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Social Worker Mad Tea Party
July 13, 2008 permalink
Today's story from Connecticut belongs in Alice in Wonderland. A few cases have come to light in which a social worker offered to let a mother keep her children in exchange for sex. Raymond Mancuso may be another one. He was fired by Connecticut DCF in 2006 for having sex with a client while he was her child protection worker. Currently he is a monitor appointed by the US District Court to oversee Connecticut DCF. On top of that, he is suing DCF, the agency he monitors, for wrongful dismissal. It takes the genius of Lewis Carroll to conceive a story like this.
Monitor Of DCF Sues Ex-Officials Over Own Case
By JON LENDER, Courant Staff Writer, July 13, 2008
For two years, the Department of Children and Families has operated under a bizarre governmental quirk: Its compliance with a federal court order has been policed by an official fired by the DCF in 2006 for having sex in the 1980s with a woman he met as a social worker.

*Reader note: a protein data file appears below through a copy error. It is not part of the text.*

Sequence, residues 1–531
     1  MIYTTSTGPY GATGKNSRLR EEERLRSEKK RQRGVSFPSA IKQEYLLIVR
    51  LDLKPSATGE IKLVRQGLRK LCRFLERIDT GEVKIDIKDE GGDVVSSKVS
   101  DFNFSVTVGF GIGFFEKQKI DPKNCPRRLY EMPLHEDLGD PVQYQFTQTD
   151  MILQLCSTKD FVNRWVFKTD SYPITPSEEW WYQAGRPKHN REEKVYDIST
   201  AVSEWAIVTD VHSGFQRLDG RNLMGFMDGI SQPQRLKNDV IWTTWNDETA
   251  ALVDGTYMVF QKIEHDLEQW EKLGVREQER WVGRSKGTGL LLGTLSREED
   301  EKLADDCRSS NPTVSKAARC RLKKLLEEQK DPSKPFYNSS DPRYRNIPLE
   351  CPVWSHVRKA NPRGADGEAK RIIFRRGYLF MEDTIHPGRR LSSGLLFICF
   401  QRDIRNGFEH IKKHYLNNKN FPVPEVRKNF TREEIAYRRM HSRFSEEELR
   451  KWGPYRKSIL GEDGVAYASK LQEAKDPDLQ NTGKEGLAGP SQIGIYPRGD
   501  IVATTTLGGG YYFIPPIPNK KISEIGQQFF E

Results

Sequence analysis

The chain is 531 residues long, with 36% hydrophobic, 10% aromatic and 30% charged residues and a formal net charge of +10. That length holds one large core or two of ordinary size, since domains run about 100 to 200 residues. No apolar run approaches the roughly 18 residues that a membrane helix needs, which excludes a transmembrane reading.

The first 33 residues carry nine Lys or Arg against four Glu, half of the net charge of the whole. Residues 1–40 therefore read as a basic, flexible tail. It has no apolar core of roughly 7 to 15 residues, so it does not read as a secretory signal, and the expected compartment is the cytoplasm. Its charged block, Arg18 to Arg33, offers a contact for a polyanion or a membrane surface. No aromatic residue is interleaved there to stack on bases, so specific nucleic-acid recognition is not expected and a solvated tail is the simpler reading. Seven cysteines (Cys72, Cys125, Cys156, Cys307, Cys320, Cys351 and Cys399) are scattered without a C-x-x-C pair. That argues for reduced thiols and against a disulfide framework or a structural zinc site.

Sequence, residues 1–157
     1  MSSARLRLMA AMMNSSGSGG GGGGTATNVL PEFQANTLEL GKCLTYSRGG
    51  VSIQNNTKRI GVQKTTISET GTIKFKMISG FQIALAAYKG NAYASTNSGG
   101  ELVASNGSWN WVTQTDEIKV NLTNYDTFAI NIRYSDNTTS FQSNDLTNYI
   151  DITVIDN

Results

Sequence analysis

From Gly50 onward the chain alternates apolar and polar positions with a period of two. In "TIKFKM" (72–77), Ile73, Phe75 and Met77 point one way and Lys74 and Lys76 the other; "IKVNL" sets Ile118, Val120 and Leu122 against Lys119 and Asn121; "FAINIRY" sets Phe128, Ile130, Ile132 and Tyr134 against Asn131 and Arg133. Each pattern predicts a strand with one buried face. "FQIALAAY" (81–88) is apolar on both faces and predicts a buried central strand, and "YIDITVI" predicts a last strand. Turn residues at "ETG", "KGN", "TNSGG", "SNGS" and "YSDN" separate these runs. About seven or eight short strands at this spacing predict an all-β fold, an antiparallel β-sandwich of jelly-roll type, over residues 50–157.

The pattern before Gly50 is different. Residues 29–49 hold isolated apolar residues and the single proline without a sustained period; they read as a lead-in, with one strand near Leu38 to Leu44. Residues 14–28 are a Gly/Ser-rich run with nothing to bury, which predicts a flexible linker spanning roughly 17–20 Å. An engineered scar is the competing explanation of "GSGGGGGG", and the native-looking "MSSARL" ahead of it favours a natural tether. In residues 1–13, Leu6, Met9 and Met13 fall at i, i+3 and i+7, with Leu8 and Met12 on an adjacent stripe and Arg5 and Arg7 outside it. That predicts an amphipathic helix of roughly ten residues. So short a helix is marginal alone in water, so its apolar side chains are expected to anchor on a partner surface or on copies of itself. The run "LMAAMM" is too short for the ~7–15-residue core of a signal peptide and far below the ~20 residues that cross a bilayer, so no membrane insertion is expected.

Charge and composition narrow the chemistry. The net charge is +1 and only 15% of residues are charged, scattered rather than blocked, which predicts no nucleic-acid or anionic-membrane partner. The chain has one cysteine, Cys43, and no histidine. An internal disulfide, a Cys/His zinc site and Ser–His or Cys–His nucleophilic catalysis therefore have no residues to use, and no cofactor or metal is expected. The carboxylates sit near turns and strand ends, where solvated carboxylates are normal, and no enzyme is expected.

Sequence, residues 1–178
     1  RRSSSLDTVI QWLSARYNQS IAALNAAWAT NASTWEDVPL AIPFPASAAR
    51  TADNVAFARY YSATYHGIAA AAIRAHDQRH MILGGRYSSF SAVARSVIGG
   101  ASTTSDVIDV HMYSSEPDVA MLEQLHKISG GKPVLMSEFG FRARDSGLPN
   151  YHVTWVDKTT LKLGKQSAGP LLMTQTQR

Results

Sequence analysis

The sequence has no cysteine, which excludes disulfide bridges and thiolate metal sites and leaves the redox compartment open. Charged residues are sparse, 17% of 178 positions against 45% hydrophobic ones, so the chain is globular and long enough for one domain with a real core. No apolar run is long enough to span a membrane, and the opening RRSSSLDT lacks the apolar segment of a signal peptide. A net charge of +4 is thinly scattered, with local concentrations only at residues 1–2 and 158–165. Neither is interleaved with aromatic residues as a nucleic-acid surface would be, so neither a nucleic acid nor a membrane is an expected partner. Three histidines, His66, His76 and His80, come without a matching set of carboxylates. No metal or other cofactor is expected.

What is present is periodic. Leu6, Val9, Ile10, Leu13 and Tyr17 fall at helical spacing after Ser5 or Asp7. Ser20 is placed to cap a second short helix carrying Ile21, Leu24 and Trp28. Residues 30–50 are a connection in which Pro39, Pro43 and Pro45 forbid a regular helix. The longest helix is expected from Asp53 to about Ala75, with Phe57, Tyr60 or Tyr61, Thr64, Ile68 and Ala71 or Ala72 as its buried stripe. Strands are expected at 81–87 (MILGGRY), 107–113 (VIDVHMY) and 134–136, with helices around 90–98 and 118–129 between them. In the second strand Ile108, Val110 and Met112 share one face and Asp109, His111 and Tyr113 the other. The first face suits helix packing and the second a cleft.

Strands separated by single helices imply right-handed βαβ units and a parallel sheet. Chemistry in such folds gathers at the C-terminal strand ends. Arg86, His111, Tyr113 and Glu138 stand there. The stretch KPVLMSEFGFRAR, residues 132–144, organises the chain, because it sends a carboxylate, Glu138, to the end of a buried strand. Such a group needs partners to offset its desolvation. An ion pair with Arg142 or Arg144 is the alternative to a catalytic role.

Last week, the situation turned even messier.
Raymond Mancuso — whom the state pays $150,000 a year as the U.S. District Court-appointed federal "monitor" of DCF's child-protection practices — filed a federal lawsuit last week against present and former state officials over his 2006 firing.
Mancuso's lawsuit bares previously unpublished allegations about his relationship 23 years ago. Among them are claims by the woman, referred to as "Jane Doe," that he coerced her into sex and installed video equipment to monitor her at home.
His lawyer denied those allegations and cited official reports of her mental illness, years after the one-time sexual encounter that occurred when the two were single and in their 20s.
"Two mental health professionals opined that Doe has been likely fabricating allegations about Mancuso," his attorney, Thomas G. Moukawsher, said in the lawsuit.
The lawsuit has brought renewed calls for Mancuso's removal as monitor, based on the claim that it's a conflict of interest for him to oversee the agency that fired him — and whose former officials he now is suing.
In interviews with The Courant on Friday, Attorney General Richard Blumenthal and State Child Advocate Jeanne Milstein reaffirmed a written request they made two years ago for Senior U.S. District Judge Alan H. Nevas to oust Mancuso as monitor.